In Nov 2007, at a similar ESRI user conference in Singapore, I spoke about the importance of geospatial information for decision-making. I shared that the use of geospatial information in the Singapore Public Service has been around for many years, primarily in the security and land planning authorities. Our Land Data Hub,

We must persevere to create a mindset of sharing and responsible usage of geographic information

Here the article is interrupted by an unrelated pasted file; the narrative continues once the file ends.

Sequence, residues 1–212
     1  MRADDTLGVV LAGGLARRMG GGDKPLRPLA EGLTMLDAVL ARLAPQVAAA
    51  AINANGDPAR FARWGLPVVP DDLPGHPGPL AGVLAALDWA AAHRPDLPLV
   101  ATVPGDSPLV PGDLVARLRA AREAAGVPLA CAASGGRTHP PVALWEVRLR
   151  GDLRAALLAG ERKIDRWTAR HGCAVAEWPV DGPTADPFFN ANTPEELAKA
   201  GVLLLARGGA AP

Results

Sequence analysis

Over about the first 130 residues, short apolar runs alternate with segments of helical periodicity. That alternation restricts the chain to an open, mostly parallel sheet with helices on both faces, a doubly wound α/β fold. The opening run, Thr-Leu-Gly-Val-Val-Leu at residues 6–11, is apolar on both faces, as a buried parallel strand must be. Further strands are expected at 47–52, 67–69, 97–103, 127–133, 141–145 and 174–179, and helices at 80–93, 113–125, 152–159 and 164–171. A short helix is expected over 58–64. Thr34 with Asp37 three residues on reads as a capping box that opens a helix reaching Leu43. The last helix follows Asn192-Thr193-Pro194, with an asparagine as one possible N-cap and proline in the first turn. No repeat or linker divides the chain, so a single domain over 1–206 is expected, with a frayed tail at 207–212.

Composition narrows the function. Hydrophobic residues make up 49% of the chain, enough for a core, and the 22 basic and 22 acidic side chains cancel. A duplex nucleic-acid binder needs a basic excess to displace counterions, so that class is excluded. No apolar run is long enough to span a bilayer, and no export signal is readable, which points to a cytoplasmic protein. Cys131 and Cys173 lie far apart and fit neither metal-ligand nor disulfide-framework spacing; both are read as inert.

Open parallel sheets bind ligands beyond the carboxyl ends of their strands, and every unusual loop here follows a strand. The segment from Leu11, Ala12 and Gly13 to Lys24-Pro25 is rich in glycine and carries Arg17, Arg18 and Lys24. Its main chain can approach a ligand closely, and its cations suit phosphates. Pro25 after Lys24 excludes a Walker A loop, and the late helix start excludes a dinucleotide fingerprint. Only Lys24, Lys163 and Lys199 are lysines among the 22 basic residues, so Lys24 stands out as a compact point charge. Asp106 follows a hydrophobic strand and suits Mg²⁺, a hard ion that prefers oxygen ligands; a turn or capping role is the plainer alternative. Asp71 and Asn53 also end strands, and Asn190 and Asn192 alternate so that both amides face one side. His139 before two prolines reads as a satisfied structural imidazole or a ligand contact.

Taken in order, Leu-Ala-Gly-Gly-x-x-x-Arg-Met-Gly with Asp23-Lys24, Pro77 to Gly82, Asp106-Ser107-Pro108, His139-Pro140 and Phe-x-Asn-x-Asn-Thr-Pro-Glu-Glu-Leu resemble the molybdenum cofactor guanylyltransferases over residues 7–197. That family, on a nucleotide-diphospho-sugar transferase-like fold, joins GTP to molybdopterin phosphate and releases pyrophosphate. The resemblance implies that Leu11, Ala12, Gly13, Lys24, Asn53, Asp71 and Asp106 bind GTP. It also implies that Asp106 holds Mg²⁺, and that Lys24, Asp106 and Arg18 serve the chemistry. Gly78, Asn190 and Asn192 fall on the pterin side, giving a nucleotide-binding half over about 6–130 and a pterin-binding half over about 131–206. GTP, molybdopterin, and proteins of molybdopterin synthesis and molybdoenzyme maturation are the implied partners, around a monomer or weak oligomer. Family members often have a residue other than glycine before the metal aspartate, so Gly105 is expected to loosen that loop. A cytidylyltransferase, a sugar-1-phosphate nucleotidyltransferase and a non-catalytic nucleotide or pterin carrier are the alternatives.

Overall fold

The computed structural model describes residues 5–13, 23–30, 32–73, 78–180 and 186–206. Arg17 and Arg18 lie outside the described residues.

for instance, was in place since 1989. Today, 15 public agencies are sharing some 125 layers of geospatial information through our network, known as LandNet. Since April 2008, the Singapore Public Service has embarked on a new phase. We have decided to link up the Land Data Hub and 3 other data hubs under a national spatial data infrastructure (NSDI) framework. The other data hubs are repositories of data concerning people, businesses and security matters owned by various public agencies. Hitherto, all the 4 data hubs have been developed and operated independently. In our concept of NSDI, Singapore aims to develop an environment in which public agencies can collaborate and share data more easily. We named our NSDI initiative as the Singapore Geospatial Collaborative Environment, or SG SPACE in short. The implementation of SG SPACE will allow geospatial information from many public sector sources to be shared within a consistent reference framework across the public sector. It is our vision for this initiative to go beyond the public sector to encompass the private and people sector, through licensing and the provision of common goods. The initiative will result in removing duplication of data collection, encouraging re-use of data, and making informed decisions and monitoring. A multi-agency and inclusive committee has been formed to drive and coordinate the various action plans. We hope the strong leadership and governance in the committee is sufficient to drive the changes and implementation. We will be inviting the industry in a few months’ time to help us build a national clearing house for geospatial data. In essence, the clearing house will link up all the 4 hubs that I spoke about earlier. It will provide a gateway for easy discovery and rapid access to geospatial information across the public sector.